AFI FEST 2019: ‘Richard Jewell’ and the Power of the Press ☆☆☆

When I took a class in investigative journalism, I wasn’t enchanted by my first teacher and the various speakers did more to horrify me than to encourage interest in digging up dirt. Some seemed ghoulish, yearning to drag skeletons out of the closet and gnaw on the bones, grinding them down to dust.

In Clint Eastwood’s “Richard Jewell” you’ll find one such bone-digging journalist, Kathy Scruggs (Olivia Wilde), who is bored that she’s covering a music event linked to the Atlanta Olympics where others might be delighted. And then she’s there on July 27, 1996, when a bomb detonates.

But the movie isn’t about Scruggs. Scruggs is the villain of this piece and the movie is, as the title suggests, about Richard Jewell (December 17, 1962 – August 29, 2007).  Jewell is played by Paul Walter Hauser as a dim but diligent man. We meet him as a supplies guy in a large legal firm and he seems almost creepily hyper-vigilant to the needs of attorney Watson Bryant (Sam Rockwell). He’s made sure that Bryant has his supply of cellophane tape and, more importantly, Snickers.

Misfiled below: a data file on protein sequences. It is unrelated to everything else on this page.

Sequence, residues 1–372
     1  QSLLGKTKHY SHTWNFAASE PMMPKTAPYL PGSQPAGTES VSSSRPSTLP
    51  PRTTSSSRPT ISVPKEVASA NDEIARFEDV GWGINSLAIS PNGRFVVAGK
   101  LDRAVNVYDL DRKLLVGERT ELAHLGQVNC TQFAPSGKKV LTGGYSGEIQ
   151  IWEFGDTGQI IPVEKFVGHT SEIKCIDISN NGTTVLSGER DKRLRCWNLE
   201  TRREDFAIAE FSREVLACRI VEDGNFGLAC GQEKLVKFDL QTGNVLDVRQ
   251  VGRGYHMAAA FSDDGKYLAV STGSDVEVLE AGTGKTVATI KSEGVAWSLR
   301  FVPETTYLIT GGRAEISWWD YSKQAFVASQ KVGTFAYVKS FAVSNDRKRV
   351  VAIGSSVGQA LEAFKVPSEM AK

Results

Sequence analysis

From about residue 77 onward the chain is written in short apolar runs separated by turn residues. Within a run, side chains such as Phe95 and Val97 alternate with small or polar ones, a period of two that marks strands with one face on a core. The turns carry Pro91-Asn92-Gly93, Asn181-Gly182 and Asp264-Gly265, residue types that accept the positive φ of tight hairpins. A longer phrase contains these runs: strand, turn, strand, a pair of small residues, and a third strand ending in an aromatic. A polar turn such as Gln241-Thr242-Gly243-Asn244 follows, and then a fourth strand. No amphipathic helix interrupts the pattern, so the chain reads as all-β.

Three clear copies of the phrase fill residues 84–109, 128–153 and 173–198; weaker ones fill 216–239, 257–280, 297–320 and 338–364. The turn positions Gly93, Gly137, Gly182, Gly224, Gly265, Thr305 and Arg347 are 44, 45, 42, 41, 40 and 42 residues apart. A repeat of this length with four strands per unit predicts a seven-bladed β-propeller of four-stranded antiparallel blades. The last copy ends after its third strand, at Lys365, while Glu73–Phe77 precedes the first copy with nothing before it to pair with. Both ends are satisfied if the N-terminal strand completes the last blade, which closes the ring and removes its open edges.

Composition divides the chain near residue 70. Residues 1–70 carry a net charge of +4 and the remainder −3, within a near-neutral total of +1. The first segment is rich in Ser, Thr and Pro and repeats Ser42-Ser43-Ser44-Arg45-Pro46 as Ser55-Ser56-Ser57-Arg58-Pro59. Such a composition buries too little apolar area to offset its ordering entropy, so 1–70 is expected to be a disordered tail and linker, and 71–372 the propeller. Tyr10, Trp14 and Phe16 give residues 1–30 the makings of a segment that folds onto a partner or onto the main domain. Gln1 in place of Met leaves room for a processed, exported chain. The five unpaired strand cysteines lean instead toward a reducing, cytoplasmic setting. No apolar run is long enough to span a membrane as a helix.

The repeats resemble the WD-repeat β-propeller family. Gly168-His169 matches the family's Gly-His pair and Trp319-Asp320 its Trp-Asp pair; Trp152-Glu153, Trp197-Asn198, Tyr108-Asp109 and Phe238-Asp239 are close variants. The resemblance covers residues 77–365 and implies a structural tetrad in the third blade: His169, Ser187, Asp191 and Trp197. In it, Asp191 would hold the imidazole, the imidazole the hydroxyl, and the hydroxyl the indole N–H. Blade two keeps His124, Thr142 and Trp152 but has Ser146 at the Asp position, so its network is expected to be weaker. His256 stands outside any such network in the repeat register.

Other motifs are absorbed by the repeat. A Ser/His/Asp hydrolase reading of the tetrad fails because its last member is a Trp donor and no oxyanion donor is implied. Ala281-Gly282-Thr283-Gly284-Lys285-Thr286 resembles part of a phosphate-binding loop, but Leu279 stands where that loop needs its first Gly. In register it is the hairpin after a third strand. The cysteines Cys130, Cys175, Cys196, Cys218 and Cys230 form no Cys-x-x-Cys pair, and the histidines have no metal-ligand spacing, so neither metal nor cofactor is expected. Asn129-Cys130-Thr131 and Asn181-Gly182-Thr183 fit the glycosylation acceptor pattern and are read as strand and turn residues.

Richard would go on to other jobs. At Piedmont College, we see him entering a room as the male occupants complain he doesn’t have a warrant; he informs them he’s had a noise complaint and drinking alcoholic beverages is not allowed, but the men are obviously having a few beers.

Piedmont is a private college with a residential campus on 300 acres in Demorest and Athens, Georgia. The student enrollment for 2019-2020 is 2,571. That’s about the size of your average high school in the US. Think of how cozy and cliquish your high school was and then you’ll see that it is a fish bowl and suspect that Richard was easily identified as one of those kids who would have been marginalized–if not for his weight but also for his slow ways. He’s not quick witted or socially adept. Instead, he depends upon rules and more rules and enforcing them above and beyond the call of his duty or jurisdiction.

Soon after, Richard goes into the president’s office thinking he’s going to get praised  but instead gets fired. Dr. W. Ray Cleere (Charles Green) notes that Richard has been pulling cars off of the highway, something out of the campus police’s jurisdiction, but Richard has his reasons and recalls that Cleere himself said, “I don’t want any Mickey Mousing on this campus.”.  Those reasons become almost comical and Billy Ray’s script allows the audience to laugh at Richard, for now.